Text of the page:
As an EHS professional, you need to tackle the hiring process before you can see improvements in the quality of the workforce. You can start by controlling pre-employment testing (physicals and substances). I’d also recommend that you perform a skills test (beyond just welding skills) to ensure that workers actually know how to operate machinery.
I can’t tell you how many times I’ve done a skills analysis and found that someone was just operating the equipment based on word-of-mouth instructions from one of their buddies. These workers are a huge liability to your company, so it’s important to weed them out before they get to work.
Pipeline safety training issues
In the same vein as workforce issues, lies the headache of training everyone coming in and out of the jobsite. Truth is, hiring untrained, unskilled workers to operate heavy machinery exposes companies to a whole lot of risk. But that doesn’t mean it’s an uncommon practice in the oil and gas industry.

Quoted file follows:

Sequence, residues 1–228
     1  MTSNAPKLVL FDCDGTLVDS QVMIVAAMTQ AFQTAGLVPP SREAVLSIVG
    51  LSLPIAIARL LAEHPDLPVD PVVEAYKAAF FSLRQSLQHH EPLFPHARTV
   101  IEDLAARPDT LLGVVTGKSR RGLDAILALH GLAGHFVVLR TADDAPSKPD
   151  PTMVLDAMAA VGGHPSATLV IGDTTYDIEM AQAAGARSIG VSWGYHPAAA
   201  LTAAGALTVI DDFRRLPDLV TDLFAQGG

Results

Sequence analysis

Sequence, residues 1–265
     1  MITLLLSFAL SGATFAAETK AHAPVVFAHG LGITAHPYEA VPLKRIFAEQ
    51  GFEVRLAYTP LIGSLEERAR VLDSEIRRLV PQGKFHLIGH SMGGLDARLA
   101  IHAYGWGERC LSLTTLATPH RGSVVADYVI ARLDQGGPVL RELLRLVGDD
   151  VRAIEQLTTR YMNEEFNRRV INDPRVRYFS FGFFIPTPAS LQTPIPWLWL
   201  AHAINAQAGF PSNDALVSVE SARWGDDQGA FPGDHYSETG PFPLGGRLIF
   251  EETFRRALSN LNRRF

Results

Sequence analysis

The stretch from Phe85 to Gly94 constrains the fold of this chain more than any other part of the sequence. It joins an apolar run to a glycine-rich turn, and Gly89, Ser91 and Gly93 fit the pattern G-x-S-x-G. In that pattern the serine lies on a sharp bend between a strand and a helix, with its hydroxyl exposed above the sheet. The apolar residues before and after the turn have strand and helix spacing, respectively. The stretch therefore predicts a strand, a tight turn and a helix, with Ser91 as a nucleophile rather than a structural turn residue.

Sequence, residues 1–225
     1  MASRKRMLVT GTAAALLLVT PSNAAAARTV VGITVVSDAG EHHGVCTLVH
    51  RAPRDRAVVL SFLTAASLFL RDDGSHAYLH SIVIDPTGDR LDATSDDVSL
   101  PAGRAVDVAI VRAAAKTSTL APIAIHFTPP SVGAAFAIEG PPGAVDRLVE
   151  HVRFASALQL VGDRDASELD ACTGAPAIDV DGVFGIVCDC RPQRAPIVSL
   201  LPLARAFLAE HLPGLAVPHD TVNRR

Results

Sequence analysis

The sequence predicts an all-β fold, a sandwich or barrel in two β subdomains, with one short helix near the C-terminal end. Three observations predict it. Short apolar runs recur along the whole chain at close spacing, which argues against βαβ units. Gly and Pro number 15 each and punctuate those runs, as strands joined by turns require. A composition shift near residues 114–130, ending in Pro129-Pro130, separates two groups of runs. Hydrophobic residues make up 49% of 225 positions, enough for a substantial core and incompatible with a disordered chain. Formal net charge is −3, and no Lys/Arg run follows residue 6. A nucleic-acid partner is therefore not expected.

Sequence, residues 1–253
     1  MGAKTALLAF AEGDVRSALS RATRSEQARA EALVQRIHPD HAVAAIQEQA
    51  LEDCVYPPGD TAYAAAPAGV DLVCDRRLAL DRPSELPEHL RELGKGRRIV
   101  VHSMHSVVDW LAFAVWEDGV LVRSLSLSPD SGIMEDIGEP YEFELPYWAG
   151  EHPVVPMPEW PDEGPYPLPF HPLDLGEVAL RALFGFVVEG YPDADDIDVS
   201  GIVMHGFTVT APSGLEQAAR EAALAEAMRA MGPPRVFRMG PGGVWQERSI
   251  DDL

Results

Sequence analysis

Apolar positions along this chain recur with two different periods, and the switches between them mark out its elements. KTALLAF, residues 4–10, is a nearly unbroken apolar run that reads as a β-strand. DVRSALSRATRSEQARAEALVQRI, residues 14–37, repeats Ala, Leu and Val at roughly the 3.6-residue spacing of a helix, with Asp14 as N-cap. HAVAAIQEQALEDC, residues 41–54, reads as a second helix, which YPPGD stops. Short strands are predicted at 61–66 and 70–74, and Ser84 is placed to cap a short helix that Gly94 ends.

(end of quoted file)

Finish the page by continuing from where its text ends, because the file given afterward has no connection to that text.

I’ve seen many “operators” cause injuries or property damage to the pipe or machines because they haven’t received proper training. They lack the skill and knowledge to do the task safely, so they expose the business to major risk.
And here’s a common sentiment that drives insufficient training practices:
Why invest so heavily in training for workers who are just going to leave in a few months to the next opportunity?
This is a terrible struggle for EHS pros in the field who spend their time tracking down workers for training requirements, only to realize those employees are gone. Before long, there’s another batch of employees to train.
But if you’re working for one of these companies, you should never stop trying to implement a solid training program. This is a constant fight within the industry because of the short window between hiring workers and starting a project.
You might be thinking: “What about operator qualifications? Don’t those take care of this problem?”
To that, I’ll say that some companies and trainers do it the right way while others don’t. And it’s not unique to the pipeline—this discrepancy exists in all industries.
It all comes down to your philosophy as an EHS professional. Are you going to fall into the status quo because it’s easier? Or are you going to keep training the right way, regardless of how long it takes you to make a significant impact?